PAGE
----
As the holiday season rolls around each year, many shoppers look forward to getting the best deals on gifts for loved ones on Black Friday. The Worrell family is no exception – they begin their annual shopping trip around 1 am and purchase nearly 75 toys and games.
Each year, an estimated 250,000 children are hospitalized nationwide with toy-related injuries. In recognition of December as Safe Toys and Gifts Month, Michael Flaherty, DO, MGHfC critical care physician and injury prevention researcher, shares a few tips to help prevent injuries during the holiday season.
Consider the child’s age
Not all toys are created equal. It is important to note the age recommendations on toys which are based on the development, skill level and interest of the child.
Become a label reader
Look for safety labels including “flame retardant/flame resistant” on fabric products and “washable/hygienic materials” on stuffed toys and dolls.
Keep in mind some of the dangers that certain toys pose to children, depending on their age.
For babies and newborns: Never hang toys from ropes, cords or strings in playpens or crib gyms, as they can lead to choking or strangling.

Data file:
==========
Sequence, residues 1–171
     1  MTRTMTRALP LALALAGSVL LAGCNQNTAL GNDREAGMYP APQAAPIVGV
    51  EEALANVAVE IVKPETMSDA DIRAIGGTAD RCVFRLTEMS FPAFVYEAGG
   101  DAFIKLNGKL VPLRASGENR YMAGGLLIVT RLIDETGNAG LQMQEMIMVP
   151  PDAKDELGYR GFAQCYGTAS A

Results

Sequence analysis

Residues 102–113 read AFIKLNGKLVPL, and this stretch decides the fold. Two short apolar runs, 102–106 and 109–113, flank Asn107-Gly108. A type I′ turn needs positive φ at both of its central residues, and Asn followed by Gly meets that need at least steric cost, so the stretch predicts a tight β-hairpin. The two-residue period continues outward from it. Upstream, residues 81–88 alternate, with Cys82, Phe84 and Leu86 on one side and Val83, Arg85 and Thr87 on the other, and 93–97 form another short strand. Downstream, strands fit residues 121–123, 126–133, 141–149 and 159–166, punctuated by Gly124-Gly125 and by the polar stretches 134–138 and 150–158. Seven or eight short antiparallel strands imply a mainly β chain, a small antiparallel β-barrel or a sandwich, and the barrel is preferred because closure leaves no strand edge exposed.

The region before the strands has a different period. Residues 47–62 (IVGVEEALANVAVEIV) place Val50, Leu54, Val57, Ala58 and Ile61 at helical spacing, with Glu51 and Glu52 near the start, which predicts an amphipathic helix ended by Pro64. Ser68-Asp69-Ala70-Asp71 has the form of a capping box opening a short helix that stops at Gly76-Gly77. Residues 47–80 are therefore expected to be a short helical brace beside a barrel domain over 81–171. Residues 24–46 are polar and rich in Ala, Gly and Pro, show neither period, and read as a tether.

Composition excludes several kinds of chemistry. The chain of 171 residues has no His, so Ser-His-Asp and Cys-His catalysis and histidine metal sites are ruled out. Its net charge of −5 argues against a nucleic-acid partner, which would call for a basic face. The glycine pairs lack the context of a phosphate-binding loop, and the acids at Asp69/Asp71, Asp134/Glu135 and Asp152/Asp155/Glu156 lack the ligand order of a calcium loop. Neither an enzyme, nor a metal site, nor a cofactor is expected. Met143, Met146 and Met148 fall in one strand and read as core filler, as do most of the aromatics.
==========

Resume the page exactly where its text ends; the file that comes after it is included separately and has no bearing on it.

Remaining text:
For children under age 3: Be aware of toys with small parts that may break easily. “Button” batteries from small electronic devices can pose serious harm to children if ingested and should be checked for in all devices and secured or removed. Other small parts can lead to choking.
Children under age 5 should not use toys with projectiles, such as toy missiles, darts or arrows. If a toy does have a projectile, make sure it is soft.
Children under age 8 should not play with toys and products with sharp edges, toys made of glass or metal, or electronic toys. Check your children’s toys carefully to make sure there is no risk of choking, loose parts, burns or other injuries.Stay up-to-date with recent recalls for toys that may pose a danger to children.
- Oct | 6 | 2021
Fourth year internal medicine and pediatrics resident Dr. Mike Kelly shaves his head after reaching his fundraising goal for the Boston Marathon.
- May | 28 | 2021
The COVID-19 pandemic has been stressful for children, teens and young adults as they deal with change, uncertainty, anxiety and loss.
- May | 28 | 2021
It is very important to be aware of what your child is seeing and hearing in the media. Often, children are aware of much more than we know and seeing and hearing more than we realize.
- Jun | 26 | 2020
During the June 24 event, “Resident Writing in the Time of COVID-19,” five Mass General residents read from and discussed recent pieces they have published in national publications.
- May | 15 | 2020
As part of Mass General's COVID-19 response efforts, 62 Spanish-speaking clinicians—from trainees to full professors across multiple specialties—were recently assembled to assist teams caring for patients with low-English proficiency.